For the second time in barely a week, Wall Street is feeling antsy about Cisco (CSCO) - Get Report.

One after another, the major communications equipment makers are admitting that their already poor sales trends have turned even worse. The latest setback in telco equipment land was

Nortel's

(NT)

warning late Wednesday that third-quarter revenue would fall 15% sequentially, rather than as much as 10% as previously forecast. Nortel and other big telco gear makers plunged Thursday.

Most unsettling to investors is that the Canadian gearmaker's latest prediction underlines the big phone companies' determination to spend less. And like

Lucent's

(LU)

dismal projection two weeks ago, the newest weakness stems from what once looked like the industry's lone remaining bright spot, wireless gear sales.

Its strong financial position and broader customer base have thus far been spared the brunt of the storm. But with shortfalls sweeping across the industry, investors are growing more willing to believe that Cisco too may soon fall ill. Cisco dropped 49 cents Thursday to $11.47.

Insulators

Bulls, and there are many of them despite the stock's long retreat, point out that only 20% to 25% of Cisco's revenue comes from telcos. That should insulate the company from the big telcos' increasing stinginess, they argue.

"I continue to believe that the overwhelming problem with these companies lies on the carrier side," says Justin McNichols, a money manager with San Francisco asset management firm Osborne Partners, which holds Cisco. "Capital spending is nearly nonexistent."

But capital spending isn't on the back burner only in telcoland, others point out. In fact, information technology spending remains weak in general, which McNichols says means the fundamentals and sentiment aren't running in his favor.

Moreover Cisco, which books more than three-quarters of its revenue from sales of computer networking gear to companies, has been less than upbeat about its outlook of late. CEO John Chambers told investors at a recent conference that his customers were finding it more difficult to predict the state of their businesses.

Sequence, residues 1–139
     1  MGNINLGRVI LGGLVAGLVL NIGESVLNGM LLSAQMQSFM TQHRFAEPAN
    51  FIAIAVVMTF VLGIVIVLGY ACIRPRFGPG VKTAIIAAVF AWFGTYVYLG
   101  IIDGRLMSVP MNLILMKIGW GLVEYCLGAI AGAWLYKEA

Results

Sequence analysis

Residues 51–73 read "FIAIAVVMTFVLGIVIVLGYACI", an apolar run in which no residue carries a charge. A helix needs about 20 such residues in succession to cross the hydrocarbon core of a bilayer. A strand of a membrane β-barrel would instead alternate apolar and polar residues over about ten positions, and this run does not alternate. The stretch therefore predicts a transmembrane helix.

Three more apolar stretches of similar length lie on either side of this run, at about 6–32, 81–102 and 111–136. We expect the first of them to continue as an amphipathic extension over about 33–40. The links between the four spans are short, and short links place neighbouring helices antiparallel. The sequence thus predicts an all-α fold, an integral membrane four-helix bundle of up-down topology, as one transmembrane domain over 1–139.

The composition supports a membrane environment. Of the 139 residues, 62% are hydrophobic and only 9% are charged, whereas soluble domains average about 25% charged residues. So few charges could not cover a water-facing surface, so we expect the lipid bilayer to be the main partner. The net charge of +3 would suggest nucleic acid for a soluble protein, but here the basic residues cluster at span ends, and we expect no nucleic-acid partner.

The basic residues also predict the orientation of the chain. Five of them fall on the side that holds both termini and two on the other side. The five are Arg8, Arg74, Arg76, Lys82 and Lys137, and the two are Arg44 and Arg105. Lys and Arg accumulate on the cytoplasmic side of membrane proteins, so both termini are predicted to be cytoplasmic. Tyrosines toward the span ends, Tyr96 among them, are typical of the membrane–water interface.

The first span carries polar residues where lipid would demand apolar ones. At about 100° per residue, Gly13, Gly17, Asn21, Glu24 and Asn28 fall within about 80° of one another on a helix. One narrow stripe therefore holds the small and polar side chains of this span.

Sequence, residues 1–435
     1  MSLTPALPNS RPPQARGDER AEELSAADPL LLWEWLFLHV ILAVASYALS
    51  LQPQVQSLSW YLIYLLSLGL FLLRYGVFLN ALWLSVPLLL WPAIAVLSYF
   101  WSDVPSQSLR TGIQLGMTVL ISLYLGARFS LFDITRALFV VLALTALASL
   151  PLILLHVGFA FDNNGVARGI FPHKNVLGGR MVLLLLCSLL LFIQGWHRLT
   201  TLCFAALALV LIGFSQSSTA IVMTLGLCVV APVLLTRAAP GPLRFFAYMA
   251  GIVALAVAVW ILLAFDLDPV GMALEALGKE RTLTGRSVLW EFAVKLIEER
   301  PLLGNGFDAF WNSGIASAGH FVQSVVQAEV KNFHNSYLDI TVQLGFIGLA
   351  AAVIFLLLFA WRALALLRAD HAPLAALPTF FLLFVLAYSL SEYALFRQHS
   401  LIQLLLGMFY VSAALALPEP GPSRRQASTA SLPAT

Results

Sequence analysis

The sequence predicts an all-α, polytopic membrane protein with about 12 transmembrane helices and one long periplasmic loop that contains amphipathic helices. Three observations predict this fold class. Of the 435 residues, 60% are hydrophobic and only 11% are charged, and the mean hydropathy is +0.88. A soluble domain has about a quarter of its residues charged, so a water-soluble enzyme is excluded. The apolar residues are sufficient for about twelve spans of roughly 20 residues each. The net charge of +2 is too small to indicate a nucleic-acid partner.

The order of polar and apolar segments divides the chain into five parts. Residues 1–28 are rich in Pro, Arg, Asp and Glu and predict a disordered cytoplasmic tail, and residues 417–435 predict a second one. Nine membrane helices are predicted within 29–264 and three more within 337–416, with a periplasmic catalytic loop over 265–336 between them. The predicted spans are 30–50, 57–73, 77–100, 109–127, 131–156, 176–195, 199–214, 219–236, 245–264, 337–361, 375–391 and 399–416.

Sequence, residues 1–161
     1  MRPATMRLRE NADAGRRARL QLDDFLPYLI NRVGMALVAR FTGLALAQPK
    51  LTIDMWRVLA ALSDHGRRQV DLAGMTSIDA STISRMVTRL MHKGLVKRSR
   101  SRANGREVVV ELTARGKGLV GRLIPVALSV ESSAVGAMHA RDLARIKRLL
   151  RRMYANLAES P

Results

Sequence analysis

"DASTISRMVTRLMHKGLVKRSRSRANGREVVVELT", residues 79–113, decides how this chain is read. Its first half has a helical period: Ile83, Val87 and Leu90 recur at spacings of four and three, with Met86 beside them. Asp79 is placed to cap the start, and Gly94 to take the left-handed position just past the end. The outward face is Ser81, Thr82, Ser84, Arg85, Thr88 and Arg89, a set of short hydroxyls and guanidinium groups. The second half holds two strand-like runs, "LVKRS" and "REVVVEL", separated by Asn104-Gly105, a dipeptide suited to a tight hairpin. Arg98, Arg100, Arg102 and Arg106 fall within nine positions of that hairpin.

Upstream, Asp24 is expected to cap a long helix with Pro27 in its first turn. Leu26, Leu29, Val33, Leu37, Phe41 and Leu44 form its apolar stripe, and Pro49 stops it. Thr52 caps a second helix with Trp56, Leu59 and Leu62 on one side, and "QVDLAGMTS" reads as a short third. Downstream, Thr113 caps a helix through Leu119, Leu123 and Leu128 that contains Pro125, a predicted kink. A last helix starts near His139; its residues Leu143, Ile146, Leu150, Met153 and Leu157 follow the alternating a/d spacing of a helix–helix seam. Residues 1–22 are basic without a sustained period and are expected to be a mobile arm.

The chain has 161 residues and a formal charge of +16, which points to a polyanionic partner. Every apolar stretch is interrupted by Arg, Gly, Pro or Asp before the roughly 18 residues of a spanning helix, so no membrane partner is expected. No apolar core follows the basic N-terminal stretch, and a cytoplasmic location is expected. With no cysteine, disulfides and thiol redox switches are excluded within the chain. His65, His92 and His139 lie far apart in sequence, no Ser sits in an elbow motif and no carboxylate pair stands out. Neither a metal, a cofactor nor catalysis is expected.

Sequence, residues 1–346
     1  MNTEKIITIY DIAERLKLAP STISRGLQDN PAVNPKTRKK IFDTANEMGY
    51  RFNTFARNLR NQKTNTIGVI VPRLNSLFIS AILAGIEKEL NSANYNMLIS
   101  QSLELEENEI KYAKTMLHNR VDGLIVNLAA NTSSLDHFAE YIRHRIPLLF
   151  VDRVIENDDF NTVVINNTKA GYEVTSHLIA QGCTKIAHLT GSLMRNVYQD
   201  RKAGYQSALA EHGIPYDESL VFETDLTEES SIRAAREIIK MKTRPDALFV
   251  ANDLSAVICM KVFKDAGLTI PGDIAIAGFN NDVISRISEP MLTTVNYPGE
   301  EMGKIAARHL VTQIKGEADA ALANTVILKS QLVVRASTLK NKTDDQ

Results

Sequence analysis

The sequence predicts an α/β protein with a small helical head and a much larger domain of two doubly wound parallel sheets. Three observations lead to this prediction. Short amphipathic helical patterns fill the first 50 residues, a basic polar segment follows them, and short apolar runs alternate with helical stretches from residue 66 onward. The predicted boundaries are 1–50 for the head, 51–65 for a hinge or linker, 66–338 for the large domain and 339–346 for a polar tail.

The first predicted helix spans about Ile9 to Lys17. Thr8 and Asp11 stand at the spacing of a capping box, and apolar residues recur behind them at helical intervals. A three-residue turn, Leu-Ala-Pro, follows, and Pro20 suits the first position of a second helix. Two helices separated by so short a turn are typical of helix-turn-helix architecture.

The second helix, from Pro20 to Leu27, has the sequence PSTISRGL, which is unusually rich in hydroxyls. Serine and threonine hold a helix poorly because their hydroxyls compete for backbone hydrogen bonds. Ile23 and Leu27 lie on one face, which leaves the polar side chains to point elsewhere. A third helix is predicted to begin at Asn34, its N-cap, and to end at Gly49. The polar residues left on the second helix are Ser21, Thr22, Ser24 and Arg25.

That sense of uncertainty has contributed to the growing pessimism among tech investors. The not-so-rosy pronouncements follow Cisco's fright-inspiring

annual report last week that showed backlog -- products ordered but not yet shipped or booked as revenue -- dropped 30% over the year ended Sept. 9.

And if recent patterns continue, Wall Street will be soon be abuzz with the quarterly speculation that Cisco will warn.

"We will get the rumor, which is always good for 50 cents," says McNichols, referring to trades that benefit from the attendant fall on the rumor and rise on the news that it was merely a rumor.

Bouncing

McNichols says he thinks Cisco will likely bounce along until the corporate earnings start to improve and spending freezes thaw. For now, McNichols says Cisco at $10 is a buy and at $18 it's a sell.

Analysts say with the company barely halfway through its quarter, it's too early to make any definitive predictions. And some add that Cisco's strong balance sheet, with hundreds of millions in deferred revenues, over a billion dollars' worth of order backlog and a $21 billion bankroll, make it hard to get too anxious about a near-term shortfall.

But as CIBC analyst Steve Kamman notes, last quarter was the first time Cisco linked its fortunes with that of the economy. Kamman, who rates the company a neutral, says he wouldn't be surprised if management tried to guide down investor expectations if it fails to see any immediate sign of economic recovery.

Cisco's slide Thursday shows that at least some investors aren't expecting good news on that front.